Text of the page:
Twisted Dark Volume 1, Comic Review

Twisted Dark 1 coverTWISTED DARK – VOLUME ONE by Neil Gibson, Atula Siriwardane, Caspar Wijngaard, Heru Prasetyo Djalal, Jan Wijngaard, Ant Mercer, Olga-Mila Gots and Dan West.

T Pub £8.99 Website

Reviewed by Jay Eales

I have to confess to being a latecomer to this particular party. I had heard good things about Twisted Dark, first publication from T Pub, and the début for writer/publisher Neil Gibson, yet somehow never quite managed to pick up a copy. Scanning the list of contributors, I found none I was familiar with except for Ant Mercer, who I collaborated with a few years ago. A quick flick through the pages shows a range of artists, some better than others but all of them good, their varying styles appropriate to the material they are presenting.

The stories themselves seem at first reading to be completely self-contained, with – there’s that word again – twisted denouements. No supernatural menaces within these pages, just good old wholesome human monsters. Some tales work better than others, and some telegraph their twists from high orbit, but others genuinely come as a shock to the system. The cast of characters is as international as the artists at work, and it’s refreshing to see such different perspectives sharing pages together. It’s surprising to discover that this is Neil Gibson’s début work in the comics medium. Sure, there are a few teething troubles with Twisted Dark volume one, such as a handful of typographical errors and slightly uneven lettering, but I have the first edition, and I understand that there is a revised second edition which undoubtedly fixes such tiny glitches. Gibson manages to walk the line between informing the reader about illnesses such as Münchhausen’s Syndrome or the plight of modern slavery without coming over as preachy, in a way that many much more established authors would do well to emulate.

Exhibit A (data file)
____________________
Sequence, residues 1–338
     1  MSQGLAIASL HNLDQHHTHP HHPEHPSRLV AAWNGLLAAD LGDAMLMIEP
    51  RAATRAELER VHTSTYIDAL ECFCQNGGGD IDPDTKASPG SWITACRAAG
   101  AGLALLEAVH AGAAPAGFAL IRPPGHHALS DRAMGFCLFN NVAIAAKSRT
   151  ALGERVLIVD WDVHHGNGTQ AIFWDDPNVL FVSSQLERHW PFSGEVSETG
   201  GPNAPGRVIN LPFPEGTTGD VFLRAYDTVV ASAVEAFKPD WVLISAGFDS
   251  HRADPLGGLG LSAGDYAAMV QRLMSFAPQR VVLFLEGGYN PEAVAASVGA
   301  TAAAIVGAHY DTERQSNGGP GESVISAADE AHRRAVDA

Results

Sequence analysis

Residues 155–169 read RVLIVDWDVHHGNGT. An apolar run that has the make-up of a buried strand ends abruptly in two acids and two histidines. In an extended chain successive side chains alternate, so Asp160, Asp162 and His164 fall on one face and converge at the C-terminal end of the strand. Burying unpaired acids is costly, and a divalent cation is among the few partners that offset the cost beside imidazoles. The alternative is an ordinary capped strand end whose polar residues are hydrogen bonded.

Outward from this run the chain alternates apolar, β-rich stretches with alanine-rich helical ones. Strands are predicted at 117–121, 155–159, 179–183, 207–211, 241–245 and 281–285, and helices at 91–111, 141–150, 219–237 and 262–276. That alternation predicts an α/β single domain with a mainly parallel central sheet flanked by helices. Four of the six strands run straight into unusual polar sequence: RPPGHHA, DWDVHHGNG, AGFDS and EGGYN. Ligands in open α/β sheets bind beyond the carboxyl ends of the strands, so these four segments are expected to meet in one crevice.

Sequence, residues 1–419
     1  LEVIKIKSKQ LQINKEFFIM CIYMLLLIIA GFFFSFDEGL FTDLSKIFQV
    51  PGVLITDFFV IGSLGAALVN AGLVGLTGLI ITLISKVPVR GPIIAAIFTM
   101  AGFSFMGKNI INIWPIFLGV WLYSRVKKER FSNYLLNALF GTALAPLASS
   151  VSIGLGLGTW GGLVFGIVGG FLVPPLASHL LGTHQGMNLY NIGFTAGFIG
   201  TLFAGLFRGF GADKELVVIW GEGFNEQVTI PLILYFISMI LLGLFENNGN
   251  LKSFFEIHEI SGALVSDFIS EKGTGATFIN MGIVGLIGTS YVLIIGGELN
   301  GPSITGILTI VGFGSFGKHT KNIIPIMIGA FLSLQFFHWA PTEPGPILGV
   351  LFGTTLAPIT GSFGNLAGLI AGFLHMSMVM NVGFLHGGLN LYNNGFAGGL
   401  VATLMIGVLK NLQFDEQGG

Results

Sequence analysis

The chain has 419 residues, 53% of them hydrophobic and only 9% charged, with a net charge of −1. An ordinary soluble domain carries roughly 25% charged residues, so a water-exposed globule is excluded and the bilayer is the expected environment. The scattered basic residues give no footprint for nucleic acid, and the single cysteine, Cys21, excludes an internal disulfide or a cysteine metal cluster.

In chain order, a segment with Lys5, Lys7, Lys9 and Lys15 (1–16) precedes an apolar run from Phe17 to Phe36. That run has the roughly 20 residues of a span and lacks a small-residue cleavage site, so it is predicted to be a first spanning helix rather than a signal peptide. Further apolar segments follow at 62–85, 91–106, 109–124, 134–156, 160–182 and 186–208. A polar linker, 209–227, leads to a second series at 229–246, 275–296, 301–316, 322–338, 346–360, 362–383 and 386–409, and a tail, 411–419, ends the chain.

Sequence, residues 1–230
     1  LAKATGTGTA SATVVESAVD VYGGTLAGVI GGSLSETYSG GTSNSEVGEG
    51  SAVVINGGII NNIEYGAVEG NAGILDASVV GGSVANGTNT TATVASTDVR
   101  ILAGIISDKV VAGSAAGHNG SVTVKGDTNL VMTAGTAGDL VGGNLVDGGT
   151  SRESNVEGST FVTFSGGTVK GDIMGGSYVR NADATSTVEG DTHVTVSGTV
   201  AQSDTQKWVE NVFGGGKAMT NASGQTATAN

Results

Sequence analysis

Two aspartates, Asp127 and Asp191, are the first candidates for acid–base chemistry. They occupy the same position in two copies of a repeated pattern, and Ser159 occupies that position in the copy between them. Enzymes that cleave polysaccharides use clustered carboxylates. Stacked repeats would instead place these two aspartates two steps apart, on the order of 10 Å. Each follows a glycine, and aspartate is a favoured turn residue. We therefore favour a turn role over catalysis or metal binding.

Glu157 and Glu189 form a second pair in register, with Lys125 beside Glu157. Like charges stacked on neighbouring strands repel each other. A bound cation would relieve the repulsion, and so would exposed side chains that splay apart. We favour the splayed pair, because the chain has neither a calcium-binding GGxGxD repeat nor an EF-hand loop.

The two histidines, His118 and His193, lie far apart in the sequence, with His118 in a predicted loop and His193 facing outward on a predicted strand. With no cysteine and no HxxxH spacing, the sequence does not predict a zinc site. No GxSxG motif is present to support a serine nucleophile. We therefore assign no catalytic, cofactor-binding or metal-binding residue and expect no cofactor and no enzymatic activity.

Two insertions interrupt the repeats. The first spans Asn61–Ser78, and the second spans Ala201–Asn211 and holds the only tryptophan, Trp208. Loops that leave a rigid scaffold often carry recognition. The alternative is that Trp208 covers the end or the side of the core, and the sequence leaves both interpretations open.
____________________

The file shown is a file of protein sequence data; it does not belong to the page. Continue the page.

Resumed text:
The big plus point to having discovered the dark joys of Twisted Dark so late is that there are several further volumes in the series already out in the wild, just waiting to be plucked. A poke around the T Pub website informs me that each story does connect with the others, and with each successive volume, the story threads begin to tie together. I’m intrigued to find out how Gibson will achieve this, so I’m definitely climbing aboard the T Pub express. Roll on Volume Two!